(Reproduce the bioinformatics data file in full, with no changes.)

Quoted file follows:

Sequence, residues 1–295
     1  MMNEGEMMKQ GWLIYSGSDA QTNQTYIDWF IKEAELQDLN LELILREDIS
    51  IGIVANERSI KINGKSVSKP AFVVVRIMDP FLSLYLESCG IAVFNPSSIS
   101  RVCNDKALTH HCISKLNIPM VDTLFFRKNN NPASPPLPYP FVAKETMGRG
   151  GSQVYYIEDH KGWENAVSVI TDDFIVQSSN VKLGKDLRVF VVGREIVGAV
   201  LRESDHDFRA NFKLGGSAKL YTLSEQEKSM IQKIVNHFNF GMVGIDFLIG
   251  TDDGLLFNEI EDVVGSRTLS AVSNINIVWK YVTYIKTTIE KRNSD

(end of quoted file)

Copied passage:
Sequence, residues 1–295
     1  MMNEGEMMKQ GWLIYSGSDA QTNQTYIDWF IKEAELQDLN LELILREDIS
    51  IGIVANERSI KINGKSVSKP AFVVVRIMDP FLSLYLESCG IAVFNPSSIS
   101  RVCNDKALTH HCISKLNIPM VDTLFFRKNN NPASPPLPYP FVAKETMGRG
   151  GSQVYYIEDH KGWENAVSVI TDDFIVQSSN VKLGKDLRVF VVGREIVGAV
   201  LRESDHDFRA NFKLGGSAKL YTLSEQEKSM IQKIVNHFNF GMVGIDFLIG
   251  TDDGLLFNEI EDVVGSRTLS AVSNINIVWK YVTYIKTTIE KRNSD